He achieves this by starting off with CF Fertilisers’ N-Min analysis in early spring, then he fine-tunes applications via the company’s N-Calc system and takes regular green leaf area assessments throughout the growing season.

With target yields of around 5.0t/ha, the farm standard N rates are typically in the region of 220kgN/ha applied as Heartland Sulphur (24N 8P 8K 8SO3) in three splits, but for the YEN crop the N was increased up to 300kgN/ha.

“We opted to push the N input on the YEN crop, and the results in yield and seed quality certainly indicate that there’s some potential to economically use more in other areas in the future.

“Despite using such a high N input, YEN estimated that our crop captured 64% of the potential solar radiation – close to the biophysical annual light interception limit of 70% – compared with an average for the group of around 50%.”

Using nitrogen carefully and controlling canopy growth are also critical elements of OSR production for fourth-placed Jon Birchall, who grows around 80ha of the crop on the 520ha Sundorne Estate, near Shrewsbury in Shrops.

Jon produced the same 5.7t/ha yield as the third place, but with a slightly lower percentage of gross yield potential achieved, he cites maximising light capture as a key priority for him.

“High yields often correlate with low biomass early in the season and a warm dry spring, like we had in 2017, can help but you obviously can’t rely on this happening every year.

“You have to make a reasonable assessment of the size of your crop and be prepared to play tunes with your nitrogen applications, so you don’t end up with an overly large canopy that restricts the light getting in.”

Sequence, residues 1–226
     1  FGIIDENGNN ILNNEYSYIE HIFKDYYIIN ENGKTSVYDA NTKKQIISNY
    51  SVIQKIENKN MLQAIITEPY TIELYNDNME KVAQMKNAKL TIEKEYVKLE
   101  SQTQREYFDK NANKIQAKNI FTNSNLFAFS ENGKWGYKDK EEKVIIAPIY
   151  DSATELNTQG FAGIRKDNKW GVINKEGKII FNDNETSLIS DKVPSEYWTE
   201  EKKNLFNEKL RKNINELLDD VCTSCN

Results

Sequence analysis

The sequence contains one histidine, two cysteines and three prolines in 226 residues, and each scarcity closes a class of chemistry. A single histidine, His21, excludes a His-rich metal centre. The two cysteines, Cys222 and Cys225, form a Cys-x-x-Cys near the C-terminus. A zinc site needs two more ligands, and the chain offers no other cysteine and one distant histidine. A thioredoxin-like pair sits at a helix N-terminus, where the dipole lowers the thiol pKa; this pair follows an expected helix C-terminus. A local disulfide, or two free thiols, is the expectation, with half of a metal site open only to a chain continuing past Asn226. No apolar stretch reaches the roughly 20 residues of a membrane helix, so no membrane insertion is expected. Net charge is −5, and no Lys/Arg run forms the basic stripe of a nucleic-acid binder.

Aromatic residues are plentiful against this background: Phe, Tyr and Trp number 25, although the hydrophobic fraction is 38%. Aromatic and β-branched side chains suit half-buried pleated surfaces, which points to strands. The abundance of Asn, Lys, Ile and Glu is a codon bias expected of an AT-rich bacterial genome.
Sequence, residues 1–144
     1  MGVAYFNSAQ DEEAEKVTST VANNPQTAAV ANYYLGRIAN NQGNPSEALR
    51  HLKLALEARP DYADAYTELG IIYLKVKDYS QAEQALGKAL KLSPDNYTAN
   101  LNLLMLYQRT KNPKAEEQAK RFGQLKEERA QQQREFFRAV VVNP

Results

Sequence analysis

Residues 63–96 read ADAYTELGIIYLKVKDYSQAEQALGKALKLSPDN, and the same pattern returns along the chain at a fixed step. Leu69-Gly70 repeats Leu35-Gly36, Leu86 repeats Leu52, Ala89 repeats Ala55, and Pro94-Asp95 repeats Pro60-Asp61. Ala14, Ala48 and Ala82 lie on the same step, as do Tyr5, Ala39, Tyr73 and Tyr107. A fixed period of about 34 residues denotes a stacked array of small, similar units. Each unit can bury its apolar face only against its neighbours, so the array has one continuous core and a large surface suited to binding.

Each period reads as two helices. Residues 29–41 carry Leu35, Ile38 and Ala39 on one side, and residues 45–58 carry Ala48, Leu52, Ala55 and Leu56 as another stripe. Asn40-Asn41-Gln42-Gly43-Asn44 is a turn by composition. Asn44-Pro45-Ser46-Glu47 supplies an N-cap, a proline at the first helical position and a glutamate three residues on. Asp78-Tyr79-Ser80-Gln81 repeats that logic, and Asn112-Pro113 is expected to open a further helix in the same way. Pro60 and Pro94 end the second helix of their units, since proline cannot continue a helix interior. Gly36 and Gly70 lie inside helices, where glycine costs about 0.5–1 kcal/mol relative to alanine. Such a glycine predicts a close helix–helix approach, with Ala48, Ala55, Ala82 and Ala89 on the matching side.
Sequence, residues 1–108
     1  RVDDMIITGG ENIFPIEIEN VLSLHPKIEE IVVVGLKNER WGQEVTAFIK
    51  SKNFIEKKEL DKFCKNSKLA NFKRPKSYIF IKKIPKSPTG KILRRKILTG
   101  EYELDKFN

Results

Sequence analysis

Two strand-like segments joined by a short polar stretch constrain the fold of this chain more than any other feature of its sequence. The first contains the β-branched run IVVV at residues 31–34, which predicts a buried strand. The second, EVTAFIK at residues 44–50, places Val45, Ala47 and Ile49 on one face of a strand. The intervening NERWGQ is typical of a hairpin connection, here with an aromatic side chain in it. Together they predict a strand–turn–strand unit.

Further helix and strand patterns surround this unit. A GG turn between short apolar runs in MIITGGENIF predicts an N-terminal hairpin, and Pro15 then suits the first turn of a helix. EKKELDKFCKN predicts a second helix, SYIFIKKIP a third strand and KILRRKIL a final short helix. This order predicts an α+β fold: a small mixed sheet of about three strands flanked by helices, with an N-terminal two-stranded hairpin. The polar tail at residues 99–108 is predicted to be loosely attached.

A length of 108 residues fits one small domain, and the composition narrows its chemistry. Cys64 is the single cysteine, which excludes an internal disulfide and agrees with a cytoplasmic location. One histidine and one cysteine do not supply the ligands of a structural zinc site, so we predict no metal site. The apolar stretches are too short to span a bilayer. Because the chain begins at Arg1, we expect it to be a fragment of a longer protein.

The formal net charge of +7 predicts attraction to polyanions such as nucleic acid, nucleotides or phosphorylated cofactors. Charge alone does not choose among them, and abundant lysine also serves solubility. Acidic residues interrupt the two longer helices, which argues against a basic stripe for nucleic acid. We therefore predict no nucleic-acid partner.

In the past Jon has used an ISARIA crop sensor to help assess canopy size but he’s now looking at drone technology and satellite imagery as part of a new AGRI initiative, launched by Harper Adams and Aston Universities.

“All the elements that we want are there but one of the main things now is to get everything talking to everything else, so it can actually deliver tangible results on-farm.”

As with Martin Smart, N-Min is used in early spring to evaluate the nitrogen available to the crop from the soil and this is fed into CF N-Calc to establish optimum nitrogen rates.

“Standard soil testing only looks at soil mineral nitrogen (SMN) and disregards the reserves that will become available to the plant through the further mineralisation that will occur from the time of the test to harvest.

“Without knowing this it’s all too easy to overestimate N need, so when you feed in your GAI analysis you can end up putting too much fertiliser on and get caught up in a vicious cycle of large canopies and PGRs to try and control them.”